blessing

We are big fans of cause and effect; of rewards for “right” behavior and punishment for “wrong”. This is intuitive. Our hearts align with these concepts easily. In ideal-land, those who act rightly receive beneficial things, positive energy, hand-over-fist money, and the like. Conversely, when someone is mistreated, we ask that privileges, money, relationships, and other good things be stripped from the offender swiftly. We like to call it justice.  It’s a concept that we’re taught we should strive to see replicated.

And we sometimes feel like God has it wrong when He doesn’t observe the social mores that we conveniently set up on His behalf.

When we ask “Why does God let bad things happen to good people?”, it’s rare to hear “And another thing: why does he let bad things happen to bad people?” In fact this is the implication … why doesn’t God reserve the worst of circumstances for the worst of humanity?  Where’s God’s favor for those that bust their butts to serve Him?  My good behavior ought to be rewarded!  That’s the way the universe functions.

But to take this view is to take a view that’s at least not in line with how God seems to have ordered things and perhaps even counter to it.  After a long sermon about how everyone is blessed whether they like it or not, Jesus finishes up with this quotable quote that often gets skimmed over :

For he gives his sunlight to both the evil and the good, and he sends rain on the just and the unjust alike.
Matthew 5:45

Our existence in the ultimate meritocracy has colored our perceptions of this.  We think God loves ALL – whether good or bad, evil or righteous and we often miss the other emphasis here: God LOVES all.

To add a little context to this, think about a first century farming economy where rain and sun were essential to life itself.  Good rains meant times of surplus and success for the good and the bad.  A lack of rain meant that everybody suffered equally.  Too much sun and everyone’s crops dried up.

We spend so much time attempting to win God’s favor.  In fact, we have almost made it the centerpiece of our expression of faith.  Many Christians say that they know that God will not love them any more if they increase their church attendance, pray more, give more.  God’s love is not directly proportional to the church activities.  And, in the same breath, we talk about how burned out we feel, how much we’re doing.  We’ve discussed this already…

The implication of Scripture is not that there are no consequences for correct or incorrect behavior.  Simply, it’s that God will give everyone equal footing.  The rains will come or they won’t.  The wind will not be directed by merit.  God’s treatment will not always be understood, it will not always seem just according to how we assume the universe to run, but it will be divvied out based on His thoughts, or will, or whimsy depending on your persuasion.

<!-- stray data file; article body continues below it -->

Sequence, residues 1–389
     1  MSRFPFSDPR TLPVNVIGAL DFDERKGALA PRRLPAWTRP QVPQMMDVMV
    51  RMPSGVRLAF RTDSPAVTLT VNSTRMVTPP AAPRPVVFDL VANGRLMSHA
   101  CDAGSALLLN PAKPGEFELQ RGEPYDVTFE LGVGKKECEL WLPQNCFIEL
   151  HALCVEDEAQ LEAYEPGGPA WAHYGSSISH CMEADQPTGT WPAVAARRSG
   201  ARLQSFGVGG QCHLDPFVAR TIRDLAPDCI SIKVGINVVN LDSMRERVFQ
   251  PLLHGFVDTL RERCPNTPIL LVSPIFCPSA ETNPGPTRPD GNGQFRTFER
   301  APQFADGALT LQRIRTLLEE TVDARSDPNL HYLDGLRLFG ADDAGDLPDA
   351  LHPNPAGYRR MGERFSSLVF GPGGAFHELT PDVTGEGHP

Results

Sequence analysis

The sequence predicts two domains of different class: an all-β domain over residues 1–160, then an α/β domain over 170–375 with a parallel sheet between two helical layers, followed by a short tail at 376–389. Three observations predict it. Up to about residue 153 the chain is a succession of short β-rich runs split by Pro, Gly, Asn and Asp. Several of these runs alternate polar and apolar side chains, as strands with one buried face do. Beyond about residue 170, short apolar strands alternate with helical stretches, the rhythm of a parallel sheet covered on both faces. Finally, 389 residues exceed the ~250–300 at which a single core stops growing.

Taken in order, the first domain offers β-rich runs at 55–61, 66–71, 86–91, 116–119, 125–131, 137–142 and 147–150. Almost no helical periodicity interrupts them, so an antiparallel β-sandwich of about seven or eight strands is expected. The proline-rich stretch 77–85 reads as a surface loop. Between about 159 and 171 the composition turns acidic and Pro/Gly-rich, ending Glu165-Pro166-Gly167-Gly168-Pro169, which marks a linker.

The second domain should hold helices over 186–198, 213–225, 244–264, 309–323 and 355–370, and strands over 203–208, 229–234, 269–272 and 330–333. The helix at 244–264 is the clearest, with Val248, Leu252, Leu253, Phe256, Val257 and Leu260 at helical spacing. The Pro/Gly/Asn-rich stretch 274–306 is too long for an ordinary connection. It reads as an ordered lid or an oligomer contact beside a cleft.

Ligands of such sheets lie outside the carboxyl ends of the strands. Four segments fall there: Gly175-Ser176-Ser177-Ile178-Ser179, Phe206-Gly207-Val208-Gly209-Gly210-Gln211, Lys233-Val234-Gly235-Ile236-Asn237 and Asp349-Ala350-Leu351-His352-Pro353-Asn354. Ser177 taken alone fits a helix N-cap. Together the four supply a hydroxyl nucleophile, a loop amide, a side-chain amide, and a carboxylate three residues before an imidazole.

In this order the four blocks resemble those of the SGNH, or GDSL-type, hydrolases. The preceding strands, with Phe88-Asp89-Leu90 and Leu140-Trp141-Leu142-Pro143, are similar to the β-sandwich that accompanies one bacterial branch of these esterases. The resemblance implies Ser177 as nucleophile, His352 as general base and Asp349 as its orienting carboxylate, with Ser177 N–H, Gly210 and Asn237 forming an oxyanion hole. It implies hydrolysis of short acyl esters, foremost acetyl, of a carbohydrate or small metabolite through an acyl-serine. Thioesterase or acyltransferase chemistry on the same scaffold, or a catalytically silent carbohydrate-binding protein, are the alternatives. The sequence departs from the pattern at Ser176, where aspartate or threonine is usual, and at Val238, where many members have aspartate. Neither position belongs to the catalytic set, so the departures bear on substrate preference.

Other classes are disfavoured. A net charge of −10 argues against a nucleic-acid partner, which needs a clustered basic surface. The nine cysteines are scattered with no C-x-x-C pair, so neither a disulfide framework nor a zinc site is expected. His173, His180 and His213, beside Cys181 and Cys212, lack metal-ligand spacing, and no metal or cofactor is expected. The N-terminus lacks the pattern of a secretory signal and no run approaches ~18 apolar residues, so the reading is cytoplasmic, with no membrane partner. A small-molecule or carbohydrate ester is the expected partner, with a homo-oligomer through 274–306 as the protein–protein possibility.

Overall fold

Perhaps the problem is perspective.  Perhaps it is some sort of omnipotent illusion where God has conveniently arranged for us all to crave justice but, through some of His patented razzle-dazzle, makes it appear like the evil-doers are getting more than my fair share.

The declaration from scripture above is immediately preceded by the familiar “Love your enemies and pray for those who persecute you.” (Remember, Jesus was talking to an oppressed people here – not 2009 Americans).  We often take that literally to mean isolate the people in your life that are your enemies, don’t harbor any particular feelings of ill-will towards them, and remember to pray for them so that God will hear your prayers and maybe ask the oppressors to stop their life’s work.

I’m beginning to think of it another way; it’s the way of assimilation.  “Us-and-Them” mentalities are often unhelpful today and my suspicion is that not much has changed in the past 2,000 years; similar situations were likely as polarizing as they are today.  Given that we tend to love our non-enemies, and that the people we most often pray for aren’t making it a practice to persecute us, loving our enemies and praying for our persecutors has the distinct effect of making “Us” and “Them” indistinguishable.  To the outsider gazing in, there is no separation between the enemies’ camp and the allies’ camp.  Instead there’s a love and approach to everyone that is noticeably equal.  Our prayers are indistinguishable.  Our actions are indistinguishable.  Our words and thoughts and motives are indistinguishable.

And we rejoice when the rain falls on the evil AND the good.